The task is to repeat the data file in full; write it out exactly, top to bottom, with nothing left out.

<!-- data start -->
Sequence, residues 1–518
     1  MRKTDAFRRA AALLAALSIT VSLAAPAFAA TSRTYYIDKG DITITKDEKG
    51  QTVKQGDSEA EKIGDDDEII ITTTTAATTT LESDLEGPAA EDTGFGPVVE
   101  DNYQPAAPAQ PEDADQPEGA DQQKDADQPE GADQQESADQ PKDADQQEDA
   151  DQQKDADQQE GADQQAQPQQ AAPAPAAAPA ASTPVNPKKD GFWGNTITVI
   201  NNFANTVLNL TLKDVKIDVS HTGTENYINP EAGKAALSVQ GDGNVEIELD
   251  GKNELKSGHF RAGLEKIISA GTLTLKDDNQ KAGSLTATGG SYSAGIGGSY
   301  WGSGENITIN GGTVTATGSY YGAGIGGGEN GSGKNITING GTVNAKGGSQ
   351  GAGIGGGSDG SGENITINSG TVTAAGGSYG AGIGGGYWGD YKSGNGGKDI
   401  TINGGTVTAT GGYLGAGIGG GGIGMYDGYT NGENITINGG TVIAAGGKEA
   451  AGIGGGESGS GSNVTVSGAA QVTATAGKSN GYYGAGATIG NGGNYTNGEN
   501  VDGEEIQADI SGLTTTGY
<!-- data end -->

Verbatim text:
Sequence, residues 1–518
     1  MRKTDAFRRA AALLAALSIT VSLAAPAFAA TSRTYYIDKG DITITKDEKG
    51  QTVKQGDSEA EKIGDDDEII ITTTTAATTT LESDLEGPAA EDTGFGPVVE
   101  DNYQPAAPAQ PEDADQPEGA DQQKDADQPE GADQQESADQ PKDADQQEDA
   151  DQQKDADQQE GADQQAQPQQ AAPAPAAAPA ASTPVNPKKD GFWGNTITVI
   201  NNFANTVLNL TLKDVKIDVS HTGTENYINP EAGKAALSVQ GDGNVEIELD
   251  GKNELKSGHF RAGLEKIISA GTLTLKDDNQ KAGSLTATGG SYSAGIGGSY
   301  WGSGENITIN GGTVTATGSY YGAGIGGGEN GSGKNITING GTVNAKGGSQ
   351  GAGIGGGSDG SGENITINSG TVTAAGGSYG AGIGGGYWGD YKSGNGGKDI
   401  TINGGTVTAT GGYLGAGIGG GGIGMYDGYT NGENITINGG TVIAAGGKEA
   451  AGIGGGESGS GSNVTVSGAA QVTATAGKSN GYYGAGATIG NGGNYTNGEN
   501  VDGEEIQADI SGLTTTGY